groundbreaking collection of essays, historians and literary theorists
examine how, between 1500 and 1800, pornography emerged as a literary
practice and a category of knowledge intimately linked to the formative
moments of Western modernity and the democratization of culture.
The first modern writers and engravers of pornography were part
of the demimonde of heretics, freethinkers, and libertines who constituted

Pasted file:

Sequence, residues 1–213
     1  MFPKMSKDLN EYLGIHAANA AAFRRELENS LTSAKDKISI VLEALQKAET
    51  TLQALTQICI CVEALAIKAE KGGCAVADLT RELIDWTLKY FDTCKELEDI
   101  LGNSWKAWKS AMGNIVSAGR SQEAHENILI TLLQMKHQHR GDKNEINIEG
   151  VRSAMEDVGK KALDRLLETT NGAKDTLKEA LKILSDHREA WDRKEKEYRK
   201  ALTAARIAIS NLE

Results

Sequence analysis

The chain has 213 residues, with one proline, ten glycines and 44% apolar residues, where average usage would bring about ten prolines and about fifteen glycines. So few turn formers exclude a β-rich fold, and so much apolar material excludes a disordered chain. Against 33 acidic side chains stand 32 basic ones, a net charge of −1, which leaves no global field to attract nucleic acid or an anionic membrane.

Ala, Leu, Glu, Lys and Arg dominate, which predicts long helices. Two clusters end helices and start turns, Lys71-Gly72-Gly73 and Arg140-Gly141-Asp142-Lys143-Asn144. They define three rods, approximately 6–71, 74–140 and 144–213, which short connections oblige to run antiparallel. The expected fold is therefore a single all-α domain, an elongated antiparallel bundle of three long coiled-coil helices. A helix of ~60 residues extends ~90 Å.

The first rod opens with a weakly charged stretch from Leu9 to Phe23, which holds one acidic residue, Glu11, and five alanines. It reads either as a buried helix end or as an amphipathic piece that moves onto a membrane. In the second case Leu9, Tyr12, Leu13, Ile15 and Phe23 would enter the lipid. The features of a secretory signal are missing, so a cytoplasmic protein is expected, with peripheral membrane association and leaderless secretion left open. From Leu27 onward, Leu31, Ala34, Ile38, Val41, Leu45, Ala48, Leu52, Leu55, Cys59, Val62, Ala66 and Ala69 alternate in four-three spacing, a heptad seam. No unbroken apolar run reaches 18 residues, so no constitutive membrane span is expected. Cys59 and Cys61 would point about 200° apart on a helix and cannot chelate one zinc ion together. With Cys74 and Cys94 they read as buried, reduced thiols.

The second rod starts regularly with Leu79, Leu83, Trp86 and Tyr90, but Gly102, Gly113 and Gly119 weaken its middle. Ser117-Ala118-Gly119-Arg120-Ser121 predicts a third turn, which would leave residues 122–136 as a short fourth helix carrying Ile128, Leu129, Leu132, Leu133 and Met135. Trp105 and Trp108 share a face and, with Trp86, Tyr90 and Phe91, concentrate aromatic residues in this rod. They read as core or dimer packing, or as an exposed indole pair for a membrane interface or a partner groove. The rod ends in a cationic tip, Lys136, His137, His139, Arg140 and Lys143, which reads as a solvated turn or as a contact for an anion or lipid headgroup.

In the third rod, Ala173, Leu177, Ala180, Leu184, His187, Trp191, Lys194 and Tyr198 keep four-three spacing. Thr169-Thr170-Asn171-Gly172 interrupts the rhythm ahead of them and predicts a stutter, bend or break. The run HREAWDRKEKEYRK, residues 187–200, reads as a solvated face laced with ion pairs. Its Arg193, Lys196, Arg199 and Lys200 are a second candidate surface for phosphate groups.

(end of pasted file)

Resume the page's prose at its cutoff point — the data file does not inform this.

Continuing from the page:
the dark underside of the Renaissance, the Scientific Revolution,
the Enlightenment, and the French Revolution. From the start, early
modern European pornography used the shock of sex to test the boundaries
and regulation of obscene behavior and expression in the public
and private sphere. As such, pornography criticized and even subverted
political authorities as well as social and sexual relations.
“These absorbing and beautifully researched essays, together
with Lynn Hunt’s masterful introduction, give a new history
to erotic writing and the representation of sexual action.”
—Natalie Zemon Davis